A new campaign of drone strikes has targeted the Russian capital in recent days as Kyiv has demonstrated its ability to hit Moscow and to keep the Kremlin’s war in the hearts and minds of the Russian elites and others seeking to ignore the invasion of Ukraine.
Video on Friday showed a drone slamming into the ground and exploding near a residential area in the north-west of the city, as rowers nearby participated in a national championship in the Krylatskoye district.
Russia’s defence ministry claimed to have downed other drones on Friday and earlier in the week on the south-west approaches of the city, illustrating Kyiv’s ability to target the Russian capital on a weekly or even daily basis, although with mixed success.
Earlier waves of drone strikes have hit military and energy infrastructure, the Moscow city financial centre, other residential buildings, or targeted areas in the wealthy western suburbs of the Rublyovka district, just miles from where Vladimir Putin keeps his Novo-Ogaryovo residence. Video from earlier this year also showed a UAV hitting a building inside the Kremlin walls.
Samuel Bendett, an expert on military drones at the Center for Naval Analyses, said Kyiv had a “strategy to demonstrate Ukrainian capability. Last year Ukraine lacked a lot of the capability to strike deep inside Russia. Starting late last year and all of this year, Kyiv has demonstrated that it has the technology, the UAVs and the drones, to actually bring the war to the Russian territory. A lot of Russian military and civilian targets were struck, along with attacks on civilian territories, in a response to Russian attacks on Ukrainian civilians.”
He noted that striking Moscow, which is supposed to be Russia’s most well-defended city, and a centre of political, economic and social life, put some pressure on both the Russian government and the population, and showed that Ukraine would not leave devastating attacks on its civilians unanswered.
“It’s a social-cultural response to Russia’s attacks on civilian targets,” he said.
Ministry of defence sources in Kyiv said the drone attacks had the twin aims of raising morale at home at a time when successes at the fronts were scarce and raising a question among the Russian public over whether Putin was able to protect them.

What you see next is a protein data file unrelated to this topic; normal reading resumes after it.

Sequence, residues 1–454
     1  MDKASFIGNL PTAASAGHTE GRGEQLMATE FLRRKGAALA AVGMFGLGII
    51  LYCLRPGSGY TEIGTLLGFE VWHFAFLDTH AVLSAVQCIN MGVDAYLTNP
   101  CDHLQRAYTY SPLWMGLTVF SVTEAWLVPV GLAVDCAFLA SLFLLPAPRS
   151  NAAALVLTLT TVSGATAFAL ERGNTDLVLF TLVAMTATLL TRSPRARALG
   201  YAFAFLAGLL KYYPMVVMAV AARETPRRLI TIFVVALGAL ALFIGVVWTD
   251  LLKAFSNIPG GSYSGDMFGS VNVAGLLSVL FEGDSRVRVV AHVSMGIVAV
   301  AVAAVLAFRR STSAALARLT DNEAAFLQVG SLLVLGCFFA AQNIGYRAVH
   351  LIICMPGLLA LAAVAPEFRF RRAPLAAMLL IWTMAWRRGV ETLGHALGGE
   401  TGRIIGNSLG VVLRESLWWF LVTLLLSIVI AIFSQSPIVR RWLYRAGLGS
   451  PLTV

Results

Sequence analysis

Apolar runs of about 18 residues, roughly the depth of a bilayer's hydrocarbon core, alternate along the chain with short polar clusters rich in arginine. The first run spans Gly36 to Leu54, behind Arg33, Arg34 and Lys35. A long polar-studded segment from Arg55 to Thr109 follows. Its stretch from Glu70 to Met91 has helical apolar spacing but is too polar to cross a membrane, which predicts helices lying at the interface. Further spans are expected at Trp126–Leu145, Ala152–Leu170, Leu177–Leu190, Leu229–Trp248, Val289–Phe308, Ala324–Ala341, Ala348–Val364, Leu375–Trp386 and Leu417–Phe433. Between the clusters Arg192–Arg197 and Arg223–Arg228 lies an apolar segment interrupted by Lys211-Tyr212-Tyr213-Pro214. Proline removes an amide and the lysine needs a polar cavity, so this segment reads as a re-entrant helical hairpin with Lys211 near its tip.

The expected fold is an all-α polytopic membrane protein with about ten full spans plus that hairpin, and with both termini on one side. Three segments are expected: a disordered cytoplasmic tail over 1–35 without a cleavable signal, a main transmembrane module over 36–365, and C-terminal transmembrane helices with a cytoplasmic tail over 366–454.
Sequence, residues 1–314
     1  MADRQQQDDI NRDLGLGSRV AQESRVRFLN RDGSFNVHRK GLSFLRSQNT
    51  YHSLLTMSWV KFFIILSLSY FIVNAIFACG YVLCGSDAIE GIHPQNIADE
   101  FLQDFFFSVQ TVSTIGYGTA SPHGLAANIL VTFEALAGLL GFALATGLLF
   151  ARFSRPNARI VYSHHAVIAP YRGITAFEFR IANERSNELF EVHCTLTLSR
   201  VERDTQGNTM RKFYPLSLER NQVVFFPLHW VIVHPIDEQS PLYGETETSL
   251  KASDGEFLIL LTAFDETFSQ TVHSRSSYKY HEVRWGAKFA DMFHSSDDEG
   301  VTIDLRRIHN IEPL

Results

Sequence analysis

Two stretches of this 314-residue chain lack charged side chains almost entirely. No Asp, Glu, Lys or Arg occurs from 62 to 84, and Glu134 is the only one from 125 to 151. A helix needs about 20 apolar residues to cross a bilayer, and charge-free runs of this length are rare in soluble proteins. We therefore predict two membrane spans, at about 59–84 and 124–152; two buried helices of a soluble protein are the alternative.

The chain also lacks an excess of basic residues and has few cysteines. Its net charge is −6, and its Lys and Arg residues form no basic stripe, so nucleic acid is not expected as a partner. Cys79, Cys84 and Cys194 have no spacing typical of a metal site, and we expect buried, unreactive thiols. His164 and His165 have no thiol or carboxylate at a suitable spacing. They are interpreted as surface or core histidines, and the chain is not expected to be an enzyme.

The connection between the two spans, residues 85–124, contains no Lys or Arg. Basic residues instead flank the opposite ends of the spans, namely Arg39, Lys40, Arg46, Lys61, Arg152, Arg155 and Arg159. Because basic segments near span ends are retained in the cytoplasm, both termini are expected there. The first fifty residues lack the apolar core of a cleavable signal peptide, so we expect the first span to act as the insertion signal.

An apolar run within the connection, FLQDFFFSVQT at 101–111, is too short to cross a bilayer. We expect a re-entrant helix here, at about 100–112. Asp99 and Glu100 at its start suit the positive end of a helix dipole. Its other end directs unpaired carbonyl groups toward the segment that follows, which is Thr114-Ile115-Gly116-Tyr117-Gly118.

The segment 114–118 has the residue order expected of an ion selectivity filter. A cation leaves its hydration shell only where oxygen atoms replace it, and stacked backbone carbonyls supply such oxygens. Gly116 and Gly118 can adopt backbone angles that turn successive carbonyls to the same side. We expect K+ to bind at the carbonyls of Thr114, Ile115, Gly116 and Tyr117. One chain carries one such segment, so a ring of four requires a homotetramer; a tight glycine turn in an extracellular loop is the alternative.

The raids into the bordering Belgorod region, by both dissident Russian units and Ukrainian saboteurs with a loose link to the official military, were said to have the same purpose, with Ukraine’s president, Volodymyr Zelenskiy, increasingly talking up the reach of his country’s forces.
Ukraine’s western partners, once extremely sensitive to the charge that Nato weaponry was being used in attacks on Russian soil, had come to accept that Kyiv had the right to use its own resources to destabilise Putin’s regime, officials in Kyiv said.
Yet the documented psychological impact so far has been dubious, with polling indicating little shift in the way Russians feel about the war and anecdotal evidence from psychologists and reports by journalists showing that many Russians have simply decided to ignore the attacks.
“Society is not as worried about drones as when they first started hitting Moscow,” said a Moscow-based psychologist, Alexander Kichaev. “There is some frustration and anger, but it is not overwhelming at all … the pain threshold has been passed and now people are used to it.”
According to Kichaev, the issue of drone attacks had slowly become normalised over time. Officials have tried to downplay their effect. The number of injuries from the drone strikes in Russia have been small, especially when compared with the hundreds of deaths caused by Russian missile strikes on civilian targets in Ukraine. In some cases, they entrench views on the war.
“In the beginning, some of my clients living in Rublevka and other elite areas said they were uncomfortable about the drones,” he said. “They knew the drones flew over their neighbourhood. But they have since stopped bringing the topic up. When I talked to them about the drones, I just told them there isn’t much they can do to change the situation, and that helps them tackle anxiety.”
Anecdotal evidence has shown the same. “It is awful but also it’s very unlikely that you are there when the drone lands. You just have to continue to live, to work. I think the military is doing well to stop most of them,” said Maksim, a business consultant who had worked at Moscow City, where several drones hit the IQ-Quarter last month.
Even at Vnukovo airport in western Moscow, where air traffic has been regularly halted because of reports of drone activity, officials have grown used to the situation. “Not a big deal, everyone is used to it already,” one Vnukovo official said.
Russians, who have largely shrugged their way through the war despite a large-scale mobilisation and growing repressions, appear to be unmoved by the occasional Ukrainian strikes on the capital.
“Yes, Ukraine can strike Moscow, everybody knows that now. But so what? The society is not going to change its attitude toward Ukraine at this point, that’s it, we’ve reached this point of no return,” said Bendett. “That’s what I’m trying to understand right now.”